If a game puts in extra features for casual type players – more fluff, nice costumes, crafting, housing, places to hang out and chat, not being so driven to level and go out to the farthest reaches of the world – then it’s also not surprising if they’ll attract a friendlier type. The type of player who is happy to sit around chatting or roleplaying is probably the same type who will be friendly to newbies; ie. they are more social players. It’s not guaranteed, but in every game I’ve played the RP servers had a rep for being friendlier.

The sub model

I think that LOTRO has one interesting advantage over other games. They brought in the concept of the lifetime subscription. (We still don’t really know how that’s working out for them in terms of profits but it was an interesting experiment, so I hope it is.)

So a proportion of players are very invested in the game world. They can still leave when they get bored, but they will inevitably think differently about the game. It’s more permanent for them. They’ve already paid upfront. And maybe people who are more invested in the game are less likely to be casually rude to newbies? Maybe they’re more aware that if they can encourage newbies to stay, they’ll have more people to play with later on?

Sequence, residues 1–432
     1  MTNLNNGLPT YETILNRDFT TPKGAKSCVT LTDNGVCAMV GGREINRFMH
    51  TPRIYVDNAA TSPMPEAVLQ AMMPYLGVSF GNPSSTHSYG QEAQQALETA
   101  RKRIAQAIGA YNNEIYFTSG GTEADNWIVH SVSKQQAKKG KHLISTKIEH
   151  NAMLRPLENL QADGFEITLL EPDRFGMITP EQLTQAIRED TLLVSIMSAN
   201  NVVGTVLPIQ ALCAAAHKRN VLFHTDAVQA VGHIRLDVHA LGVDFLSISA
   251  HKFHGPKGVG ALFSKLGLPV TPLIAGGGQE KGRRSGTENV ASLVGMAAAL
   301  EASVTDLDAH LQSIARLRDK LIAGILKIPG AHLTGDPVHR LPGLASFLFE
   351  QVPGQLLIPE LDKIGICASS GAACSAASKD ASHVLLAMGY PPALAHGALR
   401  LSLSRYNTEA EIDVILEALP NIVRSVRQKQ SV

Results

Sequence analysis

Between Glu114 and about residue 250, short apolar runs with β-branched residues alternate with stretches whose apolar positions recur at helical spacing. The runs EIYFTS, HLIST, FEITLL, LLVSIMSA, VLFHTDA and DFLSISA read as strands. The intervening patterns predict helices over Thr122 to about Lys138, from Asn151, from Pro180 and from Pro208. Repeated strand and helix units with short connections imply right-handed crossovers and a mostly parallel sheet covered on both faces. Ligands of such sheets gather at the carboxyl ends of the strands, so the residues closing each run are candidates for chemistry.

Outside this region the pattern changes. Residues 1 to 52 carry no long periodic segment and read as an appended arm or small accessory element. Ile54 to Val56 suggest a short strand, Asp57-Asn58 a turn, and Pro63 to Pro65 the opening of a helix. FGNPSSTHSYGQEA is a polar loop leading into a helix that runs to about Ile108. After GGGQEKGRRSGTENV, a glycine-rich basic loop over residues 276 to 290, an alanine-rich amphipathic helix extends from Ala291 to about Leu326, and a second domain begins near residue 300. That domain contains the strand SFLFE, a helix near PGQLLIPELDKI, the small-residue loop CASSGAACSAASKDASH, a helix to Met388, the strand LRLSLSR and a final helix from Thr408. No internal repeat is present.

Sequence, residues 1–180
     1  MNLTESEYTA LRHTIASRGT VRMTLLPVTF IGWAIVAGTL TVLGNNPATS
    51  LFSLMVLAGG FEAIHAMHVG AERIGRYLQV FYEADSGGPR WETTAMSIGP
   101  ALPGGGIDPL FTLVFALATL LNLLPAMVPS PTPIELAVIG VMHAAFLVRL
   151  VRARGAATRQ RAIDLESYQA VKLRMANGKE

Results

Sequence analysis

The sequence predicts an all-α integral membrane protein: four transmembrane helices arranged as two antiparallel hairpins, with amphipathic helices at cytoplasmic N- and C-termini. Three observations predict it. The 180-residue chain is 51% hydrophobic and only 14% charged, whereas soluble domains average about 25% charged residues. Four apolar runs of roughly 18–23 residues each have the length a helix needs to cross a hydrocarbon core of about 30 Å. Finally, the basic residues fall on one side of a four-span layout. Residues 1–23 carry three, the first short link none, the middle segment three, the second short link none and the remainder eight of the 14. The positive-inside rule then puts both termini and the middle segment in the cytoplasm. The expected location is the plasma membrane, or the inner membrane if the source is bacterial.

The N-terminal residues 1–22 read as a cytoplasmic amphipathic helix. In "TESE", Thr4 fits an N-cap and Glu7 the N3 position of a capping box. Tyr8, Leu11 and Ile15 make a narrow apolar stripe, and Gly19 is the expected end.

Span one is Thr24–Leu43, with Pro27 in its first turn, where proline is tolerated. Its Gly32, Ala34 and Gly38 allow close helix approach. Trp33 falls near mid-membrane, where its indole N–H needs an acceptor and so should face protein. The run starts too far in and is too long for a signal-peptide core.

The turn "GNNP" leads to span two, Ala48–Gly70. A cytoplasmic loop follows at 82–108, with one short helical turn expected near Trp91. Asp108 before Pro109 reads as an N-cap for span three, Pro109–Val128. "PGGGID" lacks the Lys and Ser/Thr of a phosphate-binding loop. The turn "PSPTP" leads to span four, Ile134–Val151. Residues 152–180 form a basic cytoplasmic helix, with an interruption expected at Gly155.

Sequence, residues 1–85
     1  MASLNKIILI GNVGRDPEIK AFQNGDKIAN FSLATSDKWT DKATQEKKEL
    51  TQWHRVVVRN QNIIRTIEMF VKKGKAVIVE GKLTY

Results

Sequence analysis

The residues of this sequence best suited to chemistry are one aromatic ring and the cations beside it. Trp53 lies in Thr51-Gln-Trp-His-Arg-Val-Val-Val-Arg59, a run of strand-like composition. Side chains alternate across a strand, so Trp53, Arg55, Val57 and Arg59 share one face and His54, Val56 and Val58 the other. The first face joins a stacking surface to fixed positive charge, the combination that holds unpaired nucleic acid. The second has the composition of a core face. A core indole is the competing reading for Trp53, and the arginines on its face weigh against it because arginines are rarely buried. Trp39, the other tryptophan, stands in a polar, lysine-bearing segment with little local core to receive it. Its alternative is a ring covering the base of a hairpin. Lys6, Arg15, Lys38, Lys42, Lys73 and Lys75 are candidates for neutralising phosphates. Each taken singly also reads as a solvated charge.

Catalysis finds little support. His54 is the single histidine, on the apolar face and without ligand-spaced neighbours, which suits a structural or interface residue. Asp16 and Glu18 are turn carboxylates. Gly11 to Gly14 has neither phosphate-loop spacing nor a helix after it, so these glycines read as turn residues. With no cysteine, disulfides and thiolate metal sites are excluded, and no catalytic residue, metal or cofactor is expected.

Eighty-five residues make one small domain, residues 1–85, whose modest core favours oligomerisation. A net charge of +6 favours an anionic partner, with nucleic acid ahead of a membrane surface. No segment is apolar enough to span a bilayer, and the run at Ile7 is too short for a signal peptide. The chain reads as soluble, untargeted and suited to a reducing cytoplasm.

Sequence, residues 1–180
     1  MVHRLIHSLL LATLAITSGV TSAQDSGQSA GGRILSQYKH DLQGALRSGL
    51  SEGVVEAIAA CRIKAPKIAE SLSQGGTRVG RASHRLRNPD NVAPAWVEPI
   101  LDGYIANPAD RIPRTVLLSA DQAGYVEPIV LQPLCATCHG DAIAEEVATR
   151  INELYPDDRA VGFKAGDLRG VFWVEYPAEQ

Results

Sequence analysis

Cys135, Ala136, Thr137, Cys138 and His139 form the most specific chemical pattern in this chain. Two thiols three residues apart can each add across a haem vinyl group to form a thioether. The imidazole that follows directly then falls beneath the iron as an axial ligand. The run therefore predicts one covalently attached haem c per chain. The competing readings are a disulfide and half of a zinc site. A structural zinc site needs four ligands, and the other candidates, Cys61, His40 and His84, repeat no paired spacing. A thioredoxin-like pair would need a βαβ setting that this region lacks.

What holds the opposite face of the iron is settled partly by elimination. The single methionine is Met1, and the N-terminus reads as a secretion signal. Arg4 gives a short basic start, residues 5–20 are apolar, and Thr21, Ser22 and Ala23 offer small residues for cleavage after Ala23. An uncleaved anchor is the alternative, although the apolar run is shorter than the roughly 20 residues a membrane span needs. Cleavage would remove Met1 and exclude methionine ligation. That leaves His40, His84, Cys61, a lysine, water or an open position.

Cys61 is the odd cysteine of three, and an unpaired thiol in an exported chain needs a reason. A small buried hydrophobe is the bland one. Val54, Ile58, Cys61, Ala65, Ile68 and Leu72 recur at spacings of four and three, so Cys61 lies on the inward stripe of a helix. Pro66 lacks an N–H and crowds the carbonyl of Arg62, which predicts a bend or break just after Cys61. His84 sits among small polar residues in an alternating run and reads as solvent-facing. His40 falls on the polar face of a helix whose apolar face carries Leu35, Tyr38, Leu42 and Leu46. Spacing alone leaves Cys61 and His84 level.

Maybe, just maybe, it encourages long term thinking among the player base. And that would drive a more civil community. The benefits of being friendly to newbies tend to be long term.

LOTRO Exceptionalism

I don’t know that the actual players are any different from any other game. I know several people who play LOTRO in addition to other games. But behaviour of players actually in the game is generally friendly and polite to newbies.

I think they do have a good number of the social player type who is more likely to want to ‘mother’ and teach new players. This is despite the fact there’s no special reward in game for doing it. No mentoring titles or achievements. No purples ‘of the teacher’. They do it because they like to hang out and chat and be supportive to each other. There are downsides to this. The game itself is achievement focussed but a lot of the players aren’t interested in that side of things. And in guilds that can be quite divisive.

Oddly enough, WoW with its increased focus on raiding and grouping seems to drift to more cohesive guilds (i.e. the sheer mass of people encourages guilds to form around people who want to do the same sorts of in game activities).

I think it’s interesting. The more filtered nature of LOTROs players does make the player community feel very different, especially to a newbie. But in a game like WoW, the players you want are probably still there … if only you can find them.

* OK, I made that one up.